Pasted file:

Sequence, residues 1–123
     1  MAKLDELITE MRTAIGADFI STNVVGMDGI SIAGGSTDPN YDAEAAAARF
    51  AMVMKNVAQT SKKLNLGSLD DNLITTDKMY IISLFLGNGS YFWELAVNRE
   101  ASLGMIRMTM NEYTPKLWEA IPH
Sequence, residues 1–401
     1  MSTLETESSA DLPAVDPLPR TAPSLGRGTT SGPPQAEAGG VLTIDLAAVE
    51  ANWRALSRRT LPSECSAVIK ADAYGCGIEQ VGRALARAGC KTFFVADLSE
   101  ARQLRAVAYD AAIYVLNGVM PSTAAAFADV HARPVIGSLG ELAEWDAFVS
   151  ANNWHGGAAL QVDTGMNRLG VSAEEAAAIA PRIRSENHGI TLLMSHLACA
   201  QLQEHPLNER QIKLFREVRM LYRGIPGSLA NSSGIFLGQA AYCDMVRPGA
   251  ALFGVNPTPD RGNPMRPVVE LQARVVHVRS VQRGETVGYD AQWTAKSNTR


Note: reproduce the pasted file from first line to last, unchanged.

Sequence, residues 1–123
     1  MAKLDELITE MRTAIGADFI STNVVGMDGI SIAGGSTDPN YDAEAAAARF
    51  AMVMKNVAQT SKKLNLGSLD DNLITTDKMY IISLFLGNGS YFWELAVNRE
   101  ASLGMIRMTM NEYTPKLWEA IPH
Sequence, residues 1–401
     1  MSTLETESSA DLPAVDPLPR TAPSLGRGTT SGPPQAEAGG VLTIDLAAVE
    51  ANWRALSRRT LPSECSAVIK ADAYGCGIEQ VGRALARAGC KTFFVADLSE
   101  ARQLRAVAYD AAIYVLNGVM PSTAAAFADV HARPVIGSLG ELAEWDAFVS
   151  ANNWHGGAAL QVDTGMNRLG VSAEEAAAIA PRIRSENHGI TLLMSHLACA
   201  QLQEHPLNER QIKLFREVRM LYRGIPGSLA NSSGIFLGQA AYCDMVRPGA
   251  ALFGVNPTPD RGNPMRPVVE LQARVVHVRS VQRGETVGYD AQWTAKSNTR